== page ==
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Citable Articles (148)
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Man's mind stretched to a new idea never goes back to its original dimensions.
Oliver Wendell Holmes (1809–1894)
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Featured Article: Ellis Island

Immigrants awaiting examination at Ellis Island.

Ellis Island, in New York City Harbor, was the entry point for 12 million European immigrants to the U.S. between 1892 and 1925. The term is a symbol for the free entry of permanent immigrants coming to the U.S. in pursuit of upward mobility, freedom, and the "American Dream."


The Ellis Island immigration station

The federal immigration station opened on January 1, 1892 and was closed in November 12, 1954. The Ellis Island Immigrant Station was designed by architects Edward Lippincott Tilton and William Boring. They received a gold medal at the 1900 Paris Exposition for the building's design. Immigrants from Europe were processed by the U.S. Bureau of Immigration (Immigration and Naturalization Service). In the 35 years before Ellis Island opened, over eight million immigrants had been processed locally by New York state officials at Castle Garden Immigration Depot in Manhattan. During the period 1910 to 1940, Angel Island, California, (in San Francisco Bay) was opened on the West Coast; there some 175,000 foreigners were inspected, mostly Chinese. Other small immigration stations were located at New Orleans, Seattle, Boston, Philadelphia and Baltimore.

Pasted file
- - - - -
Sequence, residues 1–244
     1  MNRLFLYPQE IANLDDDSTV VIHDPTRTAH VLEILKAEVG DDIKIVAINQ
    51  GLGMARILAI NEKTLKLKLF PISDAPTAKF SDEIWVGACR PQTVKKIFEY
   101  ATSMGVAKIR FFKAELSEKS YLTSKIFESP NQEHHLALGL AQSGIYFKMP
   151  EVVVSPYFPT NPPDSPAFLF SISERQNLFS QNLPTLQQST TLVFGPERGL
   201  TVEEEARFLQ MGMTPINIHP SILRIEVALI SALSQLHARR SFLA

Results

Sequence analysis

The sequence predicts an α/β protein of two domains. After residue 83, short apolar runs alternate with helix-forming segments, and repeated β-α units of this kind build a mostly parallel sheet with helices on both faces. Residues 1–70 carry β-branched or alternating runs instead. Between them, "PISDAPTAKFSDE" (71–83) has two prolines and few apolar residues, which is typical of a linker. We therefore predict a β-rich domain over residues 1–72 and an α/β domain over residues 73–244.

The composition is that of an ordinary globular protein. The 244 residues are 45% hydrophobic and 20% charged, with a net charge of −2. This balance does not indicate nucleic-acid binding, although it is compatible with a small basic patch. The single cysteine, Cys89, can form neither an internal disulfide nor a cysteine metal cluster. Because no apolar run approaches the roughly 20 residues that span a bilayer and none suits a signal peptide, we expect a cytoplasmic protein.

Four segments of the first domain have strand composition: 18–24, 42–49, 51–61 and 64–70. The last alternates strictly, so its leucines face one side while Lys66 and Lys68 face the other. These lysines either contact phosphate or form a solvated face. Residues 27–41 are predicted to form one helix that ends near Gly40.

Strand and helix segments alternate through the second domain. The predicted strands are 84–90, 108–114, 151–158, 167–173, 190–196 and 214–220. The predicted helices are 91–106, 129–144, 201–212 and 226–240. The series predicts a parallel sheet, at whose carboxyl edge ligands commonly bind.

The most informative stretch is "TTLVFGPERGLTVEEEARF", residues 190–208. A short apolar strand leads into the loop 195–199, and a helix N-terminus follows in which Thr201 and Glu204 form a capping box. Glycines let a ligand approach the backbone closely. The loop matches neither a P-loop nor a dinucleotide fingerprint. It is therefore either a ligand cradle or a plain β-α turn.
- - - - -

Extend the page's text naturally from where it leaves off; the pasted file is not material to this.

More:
Ellis Island was one of 30 processing stations opened by the federal government. It was the major processing station for third class/steerage immigrants entering the United States in 1892; it processed 70% of all immigrants at the time. Wealthy immigrants who traveled first class and second class would get automatic entry into the United States. During the peak year of 1907, an average 5,000 immigrants arrived daily and 11,747 landed on one record-breaking day.

After 1924, restrictions on the total number of immigrants drastically reduced the flow of immigrants. After 1925 Ellis Island was used only sporadically for immigration, and prospective immigrants were processed at the U.S. embassies and consulates of the emigrant country. Ellis Island was used for detainees and refugees, notably German citizens during World War II suspected of loyalty to Germany.